Behavioral studies in animals like rats and guinea pigs also indicated the presence of neurotoxic symptoms in rodents with chronic pesticide exposure. The rodents displayed delayed learning, aggressiveness, insomnia, and hyperactivity.10 Neuronal degeneration was another significant symptom.
Developmental toxicity in fetuses is also another concern with chronic pesticide exposure, especially related to organophosphate chlorpyrifos. Rauh et al. studied the prenatal exposure to this pesticide and found an increased risk of mid-childhood tremors (neurodevelopmental deficits) in children with mothers who had some degree of exposure.11 In another study, researchers found morphological brain anomalies in children with prenatal exposure.12 The organophosphate class of pesticides was detectable in the amniotic fluid and crossed over to the placenta. The researchers found the following symptoms in prenatally exposed children.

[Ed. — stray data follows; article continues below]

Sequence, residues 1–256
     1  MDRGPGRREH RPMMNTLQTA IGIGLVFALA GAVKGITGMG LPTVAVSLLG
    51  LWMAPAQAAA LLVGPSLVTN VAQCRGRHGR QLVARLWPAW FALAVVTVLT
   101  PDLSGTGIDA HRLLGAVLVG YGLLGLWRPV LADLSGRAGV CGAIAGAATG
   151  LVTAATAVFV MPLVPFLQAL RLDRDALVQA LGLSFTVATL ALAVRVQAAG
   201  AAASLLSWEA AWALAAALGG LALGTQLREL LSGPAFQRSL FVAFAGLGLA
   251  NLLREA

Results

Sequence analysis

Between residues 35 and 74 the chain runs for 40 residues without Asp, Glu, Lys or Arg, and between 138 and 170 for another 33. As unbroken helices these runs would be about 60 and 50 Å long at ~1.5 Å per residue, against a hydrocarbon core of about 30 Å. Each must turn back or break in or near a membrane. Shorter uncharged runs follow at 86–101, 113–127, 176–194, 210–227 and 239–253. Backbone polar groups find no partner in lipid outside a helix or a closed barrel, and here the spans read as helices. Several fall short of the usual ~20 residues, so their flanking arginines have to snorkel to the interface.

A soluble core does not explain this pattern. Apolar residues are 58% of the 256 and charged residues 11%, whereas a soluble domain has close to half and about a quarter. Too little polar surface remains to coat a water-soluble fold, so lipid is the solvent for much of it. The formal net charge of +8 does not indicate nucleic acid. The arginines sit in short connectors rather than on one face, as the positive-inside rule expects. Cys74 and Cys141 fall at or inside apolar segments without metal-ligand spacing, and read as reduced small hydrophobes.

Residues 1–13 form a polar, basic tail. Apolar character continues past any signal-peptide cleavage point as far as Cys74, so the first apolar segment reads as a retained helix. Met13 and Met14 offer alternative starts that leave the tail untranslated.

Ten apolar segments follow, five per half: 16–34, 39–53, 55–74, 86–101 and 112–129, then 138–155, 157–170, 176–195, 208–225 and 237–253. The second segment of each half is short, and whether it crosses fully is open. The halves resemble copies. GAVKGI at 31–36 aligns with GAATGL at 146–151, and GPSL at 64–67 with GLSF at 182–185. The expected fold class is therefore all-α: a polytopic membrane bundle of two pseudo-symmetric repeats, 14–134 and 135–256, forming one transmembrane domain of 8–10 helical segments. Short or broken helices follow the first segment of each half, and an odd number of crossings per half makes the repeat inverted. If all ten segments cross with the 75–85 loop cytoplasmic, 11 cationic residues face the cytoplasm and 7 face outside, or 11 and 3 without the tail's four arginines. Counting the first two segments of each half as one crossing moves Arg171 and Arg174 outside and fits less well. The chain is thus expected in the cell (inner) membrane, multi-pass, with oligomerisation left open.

- Lower birth weight
- Abnormal neonatal reflexes
- Attention deficits
- Neurodevelopmental disorders like pervasive development disorder (PDD)
There is still some controversy regarding the impact of chronic but moderate exposure to pesticides. Further studies should help settle these. But the need to protect oneself as much as possible from pesticides, whether or not it is handled directly, is indisputable. People involved in pesticide application and spraying must use protective clothing, gloves, and face